Hidden in the heart of Hockley is one of Nottingham’s best industry secrets: Talent 1st, a free-of-charge school for young actors that works to upstage the lack of social mobility in the entertainment industry. We spoke to the community interest company’s founder, Martin Arrowsmith, to talk about the recent decline in membership, and why Martin’s so passionate about reversing the trend...
Lying beneath a business complex, the basement-based acting studio Talent 1st provides various weekly sessions for groups of young people aged 8-25. The organisation has bred Bafta-winning talent in Three Girls star Molly Windsor, who bagged Best Leading Actress in 2018, with co-star and fellow Talent 1st alumni Liv Hill picking up a Best Supporting Actress nomination.
The organisation was born from a volunteer-led drama group, started in Nottingham by former child actor and the organisation’s founder, Martin Arrowsmith. Rebranded as Talent 1st two years ago, the community interest company aims to challenge and defeat the “them and us” attitude in the industry. Through fundraising, the group are able to offer classes where “young people from the most privileged to the most deprived meet as equal.”
As Martin puts it, the organisation operates under a core principle: “Acting and the arts should be available to everyone, and be based on an individual’s work ethic and merit – not the person's background.”
Talent 1st selects candidates based on their performance in trial group sessions, with strong emphasis on giving everyone an equal opportunity. Martin insists that social mobility in the entertainment industry is vital: “The vast majority of society is not privileged – all stories need to be told, and be told properly. Without a diverse cast of actors, the stories relevant to most people would be ignored.”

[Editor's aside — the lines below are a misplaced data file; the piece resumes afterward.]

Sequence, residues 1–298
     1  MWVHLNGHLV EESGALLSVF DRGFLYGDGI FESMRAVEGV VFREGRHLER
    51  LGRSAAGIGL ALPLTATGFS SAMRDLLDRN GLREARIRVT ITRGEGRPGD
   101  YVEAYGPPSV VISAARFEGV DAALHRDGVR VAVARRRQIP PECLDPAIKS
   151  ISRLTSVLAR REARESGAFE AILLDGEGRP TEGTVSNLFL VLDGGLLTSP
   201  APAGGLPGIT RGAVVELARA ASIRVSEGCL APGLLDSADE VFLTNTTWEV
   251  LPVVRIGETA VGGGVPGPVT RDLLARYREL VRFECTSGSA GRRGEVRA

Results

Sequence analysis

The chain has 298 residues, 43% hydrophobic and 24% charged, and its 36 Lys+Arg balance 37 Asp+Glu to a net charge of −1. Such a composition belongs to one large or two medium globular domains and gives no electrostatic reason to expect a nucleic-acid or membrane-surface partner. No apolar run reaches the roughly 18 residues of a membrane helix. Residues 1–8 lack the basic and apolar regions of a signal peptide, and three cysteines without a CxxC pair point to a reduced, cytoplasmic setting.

Much success has been found in the programme, with a growing alumni of talent now starring in TV, film and theatre. The organisation also places emphasis on the quality of the roles they put their talent forward for, selecting projects and auditions carefully, and only sending talent in for productions they deem high quality.
Despite gaining recognition from the BAFTAs and a special feature on BBC Radio 4 in 2018, the group has seen a drop in membership in recent years, which currently sits at around 58. This is a trend noted throughout the industry, with a reported decline in acting studios and a decreasing pool of young actors. Currently, Talent 1st aims to add twenty new actors to the 18-25 age group, and forty to the 11-16 age group, without putting a cap on their membership goals.
Martin largely attributes this decline in youngsters taking up acting due to cuts in school arts programmes, noting the struggle to get in touch with schools and universities. He is hopeful, however, that Talent 1st can be on the front line in exposing drama to “the generation that have had no contact with acting in schools.”
The former Whizzywig star says: “It’s such an important life skill to have. You learn how to interact and manage people, and it gives you so much confidence. Acting gave me my life, not just my career. I think that should be available to everyone.”
Not all former members become actors either; alumni have pursued careers as teachers and barristers, too. Martin notes how many have written to thank the organisation for the confidence they gained from being involved: “It’s not just performance skills acting can give you, but life skills,” he says. “It gives you the confidence to move forward.”
Apply for a Talent 1st group trial session by visiting the website below.
Talent 1st, 1 Kayes Walk, The Lace Market, NG1 1PY. 0115 860 2197
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